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Manila Observatory is one of the partners of this consortium. Other partners include the World Resources Institute, the Caribbean Community Climate Change Center, the Center for Climate Change and Development (CCCD), the International Center for Climate Change and Development (ICCCAD), Power Shift Africa, and Transforma. Together, the project partners, made up of organizations from Africa, Asia, the Caribbean, and Latin America, aim to identify areas of convergence and potentially reach consensus at COP26 in Glasgow towards the end of the year.

Among the key demands of the ACT2025 partners which should be addressed at COP26 are the (1) setting of ambitious emission reduction targets that will meet the 1.5C limit set during COP21 in Paris, (2) scaled up climate finance and debt recovery, particularly for developing countries, (3) importance of adaptation efforts in addition to existing mitigation measures, (4) increasing support for loss and damage, and (5) the rules and architecture of the Paris Agreement.

The consortium believes in the importance of responding to all of these issues, firstly as an acknowledgement that the effects of climate change would be devastating, unequal, and are already present, but also as a commitment to take part in climate conversations and guide ambitious outcomes not just until COP26 in November 2021, but to follow through up until 2025.  

Moving forward

During the press briefing of ACT2025 and in his opinion piece, Professor Saleemul Huq from ICCCAD in Bangladesh said that the definition of the COP should be changed from Conference of Parties to Communities of Practice. Because of the urgency and reality of the climate crisis, we should shift from parties that form the UNFCCC to willing coalitions and groups that want the Paris Agreement implemented – from politicians to NGO workers; from private companies to sole individuals.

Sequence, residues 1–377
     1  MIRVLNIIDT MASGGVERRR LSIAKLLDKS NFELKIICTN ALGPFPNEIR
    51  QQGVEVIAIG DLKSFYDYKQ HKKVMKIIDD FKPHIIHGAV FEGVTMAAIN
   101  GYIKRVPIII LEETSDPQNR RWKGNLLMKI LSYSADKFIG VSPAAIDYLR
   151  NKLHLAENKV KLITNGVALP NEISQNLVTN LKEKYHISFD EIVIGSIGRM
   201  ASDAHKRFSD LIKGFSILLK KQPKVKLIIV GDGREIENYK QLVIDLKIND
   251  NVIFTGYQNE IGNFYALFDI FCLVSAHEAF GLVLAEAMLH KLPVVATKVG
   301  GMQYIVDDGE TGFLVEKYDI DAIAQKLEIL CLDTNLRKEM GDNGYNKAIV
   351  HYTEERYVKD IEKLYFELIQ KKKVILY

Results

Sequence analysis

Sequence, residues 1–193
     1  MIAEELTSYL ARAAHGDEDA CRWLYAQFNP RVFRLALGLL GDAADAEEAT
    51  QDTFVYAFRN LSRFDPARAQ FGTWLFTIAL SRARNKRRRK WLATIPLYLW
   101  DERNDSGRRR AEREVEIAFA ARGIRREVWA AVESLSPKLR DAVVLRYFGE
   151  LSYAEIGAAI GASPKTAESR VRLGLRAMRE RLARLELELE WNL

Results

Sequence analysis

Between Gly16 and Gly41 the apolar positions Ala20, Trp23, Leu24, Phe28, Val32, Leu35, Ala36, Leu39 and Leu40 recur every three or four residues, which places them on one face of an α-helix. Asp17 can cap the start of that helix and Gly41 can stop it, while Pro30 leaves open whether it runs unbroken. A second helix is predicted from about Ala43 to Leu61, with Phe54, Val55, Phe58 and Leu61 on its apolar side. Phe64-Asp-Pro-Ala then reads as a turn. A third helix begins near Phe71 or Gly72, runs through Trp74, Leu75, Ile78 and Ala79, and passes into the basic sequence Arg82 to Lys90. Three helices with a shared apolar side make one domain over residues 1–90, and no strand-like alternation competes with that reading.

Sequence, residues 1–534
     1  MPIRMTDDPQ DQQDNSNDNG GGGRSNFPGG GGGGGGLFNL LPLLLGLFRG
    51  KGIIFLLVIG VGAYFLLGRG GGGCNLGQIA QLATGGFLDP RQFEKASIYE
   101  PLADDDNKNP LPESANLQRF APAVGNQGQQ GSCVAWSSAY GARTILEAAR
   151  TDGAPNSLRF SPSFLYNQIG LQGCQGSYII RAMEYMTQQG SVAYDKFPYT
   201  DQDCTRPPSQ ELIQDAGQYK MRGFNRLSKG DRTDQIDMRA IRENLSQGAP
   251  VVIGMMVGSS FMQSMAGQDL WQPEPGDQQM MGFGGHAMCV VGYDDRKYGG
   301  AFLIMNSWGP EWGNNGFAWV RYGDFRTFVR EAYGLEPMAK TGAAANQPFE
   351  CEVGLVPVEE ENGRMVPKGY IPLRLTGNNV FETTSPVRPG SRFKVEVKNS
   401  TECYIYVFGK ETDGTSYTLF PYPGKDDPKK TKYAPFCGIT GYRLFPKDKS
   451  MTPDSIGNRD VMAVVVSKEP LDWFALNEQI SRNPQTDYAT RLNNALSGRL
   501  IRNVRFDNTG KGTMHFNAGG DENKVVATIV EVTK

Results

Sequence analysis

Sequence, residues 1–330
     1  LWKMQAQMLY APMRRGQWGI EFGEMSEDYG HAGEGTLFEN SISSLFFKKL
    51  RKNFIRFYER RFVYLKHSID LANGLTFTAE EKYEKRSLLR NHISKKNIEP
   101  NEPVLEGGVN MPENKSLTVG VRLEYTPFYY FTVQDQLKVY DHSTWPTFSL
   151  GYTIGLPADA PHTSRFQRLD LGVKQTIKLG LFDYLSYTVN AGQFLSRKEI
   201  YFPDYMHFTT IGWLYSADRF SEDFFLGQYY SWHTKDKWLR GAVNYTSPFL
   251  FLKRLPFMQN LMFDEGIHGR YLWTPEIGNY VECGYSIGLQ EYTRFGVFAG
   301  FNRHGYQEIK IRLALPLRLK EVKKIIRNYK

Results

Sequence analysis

We agree that there is a need for governments to not just work towards the COP, but to ensure that daily decisions and policies reflect consistent and intentional decisions to combat the climate crisis. We are happy, for instance, that the Philippines has already submitted its NDC to the UNFCCC, and among its commitments is to reduce emissions by 75% by 2030. However, hand-in-hand with this should also be continuous efforts to make sure that this commitment will be met, such as banning mining and the use of coal. There is also a need to continuously monitor and examine the Philippines’ NDC, as there are still gaps that need to be filled. Fortunately, we have time to do so – that is, prior to the global stocktake in 2023.

Moreover, we agree that there is an urgent need, as is one of the main thrusts of the consortium, to amplify the voices of the marginalized, particularly the indigenous peoples, those who live below the poverty line, and the youth, so that their voices are heard and fully taken into consideration when it comes to climate policy, and to ensure just transition especially as we start to recover from the brunt of the pandemic.

We are very fortunate to be part of the ACT2025 consortium, and we look forward to taking part in such an endeavor that aims for a climate-resilient future for all – one that is not just dependent on COPs, but is a result of daily decisions by policymakers and leaders. A future that is sustainable, safe, and just. –

Tony La Viña is Executive Director of the Manila Observatory (MO).

Joy Reyes and Yla Paras are legal and policy experts of the MO. They will be attending the climate change convention virtual meetings this June.

Voices features opinions from readers of all backgrounds, persuasions, and ages; analyses from advocacy leaders and subject matter experts; and reflections and editorials from Rappler staff.